“If you would not be forgotten as soon as you are dead, either write things worth reading or do things worth writing.” Benjamin Franklin.
Both California’s Common Core State Standards (CCCSS) and the History/Social Science (HSS) Framework and Standards recommend writing as an essential tool for teaching the discipline of history/ social science because writing develops analytic and critical thinking skills. History classes should include both informal and formal writing.
A history class should practice informal writing “routinely over extended time frames for a range of tasks, purposes and audiences (CCCSS Range of Writing 10, Grade 3)”.
- Students must learn how to take notes. They should always record their source of information whether from a lecture, an online source, book, or article.
- A double-sided journal works well for this activity. On one side of the paper the students record important facts from reading the text or primary source materials, lectures, student reports, and videos. On the other side they record their own thinking, beliefs, questions, and ideas to analyze as they learn.
- learning logs
- graphic organizers such as Venn diagrams and concept maps.
- Digital notes: Evernote is a free online product that allows students to record and insert pictures into their notes.
After they take notes, they should analyze their notes to decide the main idea, the author’s or speaker’s opinions or point of view, and find the credibility of the information source. Informal writing is most effective when it is shared with one or two peers. Typically these written works are not edited by the students or teacher for errors, but they may be expanded and modified after being shared with a classmate. Writing informally to learn is one of the first steps students use when preparing to write a formal history/ social science essay.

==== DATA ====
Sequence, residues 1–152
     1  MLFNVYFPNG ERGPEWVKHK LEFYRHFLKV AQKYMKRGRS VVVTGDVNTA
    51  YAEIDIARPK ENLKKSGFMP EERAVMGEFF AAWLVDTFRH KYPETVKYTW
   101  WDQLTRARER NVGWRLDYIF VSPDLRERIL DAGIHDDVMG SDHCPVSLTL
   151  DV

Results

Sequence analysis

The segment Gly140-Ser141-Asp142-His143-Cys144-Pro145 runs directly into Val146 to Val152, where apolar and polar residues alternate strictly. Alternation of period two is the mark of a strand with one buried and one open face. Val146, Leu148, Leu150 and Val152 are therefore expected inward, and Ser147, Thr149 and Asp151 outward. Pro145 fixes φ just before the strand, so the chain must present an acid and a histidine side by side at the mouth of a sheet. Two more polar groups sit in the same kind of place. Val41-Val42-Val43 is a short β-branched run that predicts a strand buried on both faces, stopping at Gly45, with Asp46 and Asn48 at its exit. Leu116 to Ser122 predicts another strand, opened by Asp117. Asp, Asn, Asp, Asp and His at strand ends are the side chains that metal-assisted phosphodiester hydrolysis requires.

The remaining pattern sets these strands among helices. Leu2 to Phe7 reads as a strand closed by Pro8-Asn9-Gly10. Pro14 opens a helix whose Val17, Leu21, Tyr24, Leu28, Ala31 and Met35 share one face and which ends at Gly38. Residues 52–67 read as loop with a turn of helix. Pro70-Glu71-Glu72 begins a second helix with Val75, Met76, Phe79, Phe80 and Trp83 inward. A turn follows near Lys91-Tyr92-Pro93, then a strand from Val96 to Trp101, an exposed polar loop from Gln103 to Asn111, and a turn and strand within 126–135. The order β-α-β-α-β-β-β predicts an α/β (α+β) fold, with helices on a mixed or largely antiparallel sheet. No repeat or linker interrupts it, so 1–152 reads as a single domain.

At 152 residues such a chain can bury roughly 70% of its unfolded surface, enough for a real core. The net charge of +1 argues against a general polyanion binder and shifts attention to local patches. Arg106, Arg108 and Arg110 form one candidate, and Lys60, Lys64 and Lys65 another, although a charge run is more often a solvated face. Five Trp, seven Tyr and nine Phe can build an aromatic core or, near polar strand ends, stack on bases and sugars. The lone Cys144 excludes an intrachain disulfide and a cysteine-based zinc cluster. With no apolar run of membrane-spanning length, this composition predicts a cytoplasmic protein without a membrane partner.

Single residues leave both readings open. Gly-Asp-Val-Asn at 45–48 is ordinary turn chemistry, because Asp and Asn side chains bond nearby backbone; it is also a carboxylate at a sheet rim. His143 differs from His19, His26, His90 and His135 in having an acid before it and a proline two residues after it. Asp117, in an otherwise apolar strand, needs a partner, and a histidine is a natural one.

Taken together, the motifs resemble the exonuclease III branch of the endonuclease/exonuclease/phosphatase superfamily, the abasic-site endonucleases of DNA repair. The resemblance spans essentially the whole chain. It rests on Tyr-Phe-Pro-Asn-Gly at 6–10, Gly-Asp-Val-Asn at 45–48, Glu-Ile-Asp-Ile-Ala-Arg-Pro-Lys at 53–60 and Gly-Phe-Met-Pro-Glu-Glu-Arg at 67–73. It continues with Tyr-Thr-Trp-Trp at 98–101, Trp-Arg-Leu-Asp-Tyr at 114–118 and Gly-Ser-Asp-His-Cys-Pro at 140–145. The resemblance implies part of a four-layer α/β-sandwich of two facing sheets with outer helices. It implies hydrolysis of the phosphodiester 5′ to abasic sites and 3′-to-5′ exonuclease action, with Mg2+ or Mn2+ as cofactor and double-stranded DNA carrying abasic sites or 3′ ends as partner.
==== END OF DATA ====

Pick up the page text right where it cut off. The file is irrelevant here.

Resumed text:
Formal writing in history/social science answers a question and includes: arguments, informational texts and narration of historical events in both short and sustained research projects. All three of these writing types consist of answering question and presenting facts and examples to persuade a reader to accept the student’s interpretation of history. The teacher’s responsibility is to begin a writing project with a question prompt about a significant issue within a larger historical context that will stimulate student thinking.
Writing programs differ only slightly in describing five steps in writing a formal historical essay from pre-writing to a published document. The steps are: pre-writing, draft, revising, editing, and publishing. Students do best when teachers clearly communicate what they expect by showing examples of similar papers at each stage of the process about other topics in which students have written successfully to a prompt. It is also helpful to demonstrate to students what is not successful, but teachers must always end by showing the successful model.
- Students must understand and analyze the prompt, place it in the proper context, and develop a thesis statement in which they state their opinion about the topic.
- Students need to know the purpose and audience for which and to whom they are writing,